By Peter Elacqua
MARLBORO – The New Jersey School Boards Association (NJSBA) has passed a resolution that was submitted by the Marlboro K-8 School District Board of Education and calls for a change in the adjudication process for disputes involving pupils who require special education services.
More than 140 representatives of New Jersey school districts attended the NJSBA’s semiannual meeting at Mercer County Community College, West Windsor, on Dec. 10.
Marlboro’s proposal calls for legislation to be introduced that would place the burden of proof in a dispute regarding a child’s individualized educational program (IEP) on the party filing the action.
“This resolution was submitted to the NJSBA Delegate Assembly for their consideration as a way to reduce costs for school districts,” Marlboro school board President Debbie Mattos said. “The board is continually looking at all avenues to reduce costs in the budget every year which will thereby minimize the tax impact to the taxpayers.”
Under a state law which was enacted in 2007, the burden of proof in cases involving an IEP rests with the school district, whether or not the school district initiated the complaint. In most other types of litigation, the party that brings the legal action has the burden of proof.
The resolution reflects a recommendation of NJSBA’s Task Force on Special Education in its 2014 report, which found that from 2008-09 through 2011-12, special education costs increased at twice the rate of general education expenditures. New Jersey’s costs to provide special education are among the highest in the nation.
According to Marlboro Business Administrator Cindy Barr-Rague, the school district’s costs for special education since 2009-10 are as follows: $15.42 million in 2009-10; $15.51 million in 2010-11; $15.12 million in 2011-12; $14.99 million in 2012-13; $15.75 million in 2013-14; $16.48 million in 2014-15; $16.96 million for 2015-16.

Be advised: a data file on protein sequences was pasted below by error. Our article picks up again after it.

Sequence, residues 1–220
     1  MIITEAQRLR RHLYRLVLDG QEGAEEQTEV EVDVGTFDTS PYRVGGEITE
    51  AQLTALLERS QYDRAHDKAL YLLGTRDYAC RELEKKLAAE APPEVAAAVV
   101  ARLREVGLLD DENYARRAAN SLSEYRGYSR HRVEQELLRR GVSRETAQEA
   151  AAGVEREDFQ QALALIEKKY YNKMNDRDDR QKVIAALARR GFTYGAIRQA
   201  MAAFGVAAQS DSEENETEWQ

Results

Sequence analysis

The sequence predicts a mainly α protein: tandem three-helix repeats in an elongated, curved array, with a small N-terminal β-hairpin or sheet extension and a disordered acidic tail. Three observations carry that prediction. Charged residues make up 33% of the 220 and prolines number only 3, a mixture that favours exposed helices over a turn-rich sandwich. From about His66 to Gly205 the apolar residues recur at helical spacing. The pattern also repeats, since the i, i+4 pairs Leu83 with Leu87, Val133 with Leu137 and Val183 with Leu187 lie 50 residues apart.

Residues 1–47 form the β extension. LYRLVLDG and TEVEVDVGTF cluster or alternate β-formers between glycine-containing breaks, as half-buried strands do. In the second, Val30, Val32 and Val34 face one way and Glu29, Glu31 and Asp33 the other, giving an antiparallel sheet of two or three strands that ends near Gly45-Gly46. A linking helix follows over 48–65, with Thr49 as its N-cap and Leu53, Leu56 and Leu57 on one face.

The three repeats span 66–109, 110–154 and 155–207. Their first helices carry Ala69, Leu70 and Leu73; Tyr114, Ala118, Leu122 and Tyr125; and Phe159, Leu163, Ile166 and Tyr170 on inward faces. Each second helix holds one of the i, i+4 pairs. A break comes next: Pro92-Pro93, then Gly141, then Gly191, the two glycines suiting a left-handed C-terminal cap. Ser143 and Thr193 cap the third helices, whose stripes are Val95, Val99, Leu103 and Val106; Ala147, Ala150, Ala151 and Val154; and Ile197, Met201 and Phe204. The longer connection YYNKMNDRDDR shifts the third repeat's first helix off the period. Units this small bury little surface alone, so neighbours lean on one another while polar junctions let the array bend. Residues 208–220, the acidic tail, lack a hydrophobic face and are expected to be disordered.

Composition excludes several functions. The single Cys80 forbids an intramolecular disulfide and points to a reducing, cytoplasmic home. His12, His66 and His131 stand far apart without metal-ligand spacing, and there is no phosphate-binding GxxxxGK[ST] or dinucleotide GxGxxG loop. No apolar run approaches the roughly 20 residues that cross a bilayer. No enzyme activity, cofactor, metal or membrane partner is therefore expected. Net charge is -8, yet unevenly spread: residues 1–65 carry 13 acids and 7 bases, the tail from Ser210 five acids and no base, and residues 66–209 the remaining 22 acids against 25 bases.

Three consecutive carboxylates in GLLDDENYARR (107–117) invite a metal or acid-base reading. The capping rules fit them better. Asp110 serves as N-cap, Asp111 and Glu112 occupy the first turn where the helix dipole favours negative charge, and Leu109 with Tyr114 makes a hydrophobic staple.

Marlboro administrators budgeted $17.75 million for special education costs during the 2016-17 school year.
A task force survey asked superintendents and special education directors to identify changes in law and regulations that would enable them to manage costs. More than one-third cited the adjudication process for special education program challenges — especially due process and burden of proof — as an area in need of change.
“I am a parent of a disabled child, but I am also a board member who represents the school district,” Somerville delegate Melissa Sadin said. “However, under the current process for special education disputes, the IEP is inappropriate until proven appropriate.”
The NJSBA reported that 78 percent of the delegates voted in favor of the resolution that was put forth by the Marlboro school board.
Following the vote, NJSBA President Donald Webster Jr. said the association believes firmly in programming to help disabled students achieve to their fullest potential. He said the resolution will give the NJSBA the opportunity to address ways to control costs without harming special education or general education.
The delegate assembly is NJSBA’s major policy setting body. Action by the delegates determines the association’s positions before the state Legislature, the state Board of Education, Congress and the courts.